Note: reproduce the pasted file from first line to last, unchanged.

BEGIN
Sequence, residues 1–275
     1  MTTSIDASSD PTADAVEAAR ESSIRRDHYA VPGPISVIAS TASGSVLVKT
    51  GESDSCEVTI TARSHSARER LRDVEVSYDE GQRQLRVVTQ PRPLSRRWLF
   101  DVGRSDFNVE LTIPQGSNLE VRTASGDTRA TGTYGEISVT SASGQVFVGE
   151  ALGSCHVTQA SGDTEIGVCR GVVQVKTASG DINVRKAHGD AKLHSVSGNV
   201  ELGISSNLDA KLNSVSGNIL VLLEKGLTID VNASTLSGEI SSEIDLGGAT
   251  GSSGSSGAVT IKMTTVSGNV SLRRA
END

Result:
Sequence, residues 1–275
     1  MTTSIDASSD PTADAVEAAR ESSIRRDHYA VPGPISVIAS TASGSVLVKT
    51  GESDSCEVTI TARSHSARER LRDVEVSYDE GQRQLRVVTQ PRPLSRRWLF
   101  DVGRSDFNVE LTIPQGSNLE VRTASGDTRA TGTYGEISVT SASGQVFVGE
   151  ALGSCHVTQA SGDTEIGVCR GVVQVKTASG DINVRKAHGD AKLHSVSGNV
   201  ELGISSNLDA KLNSVSGNIL VLLEKGLTID VNASTLSGEI SSEIDLGGAT
   251  GSSGSSGAVT IKMTTVSGNV SLRRA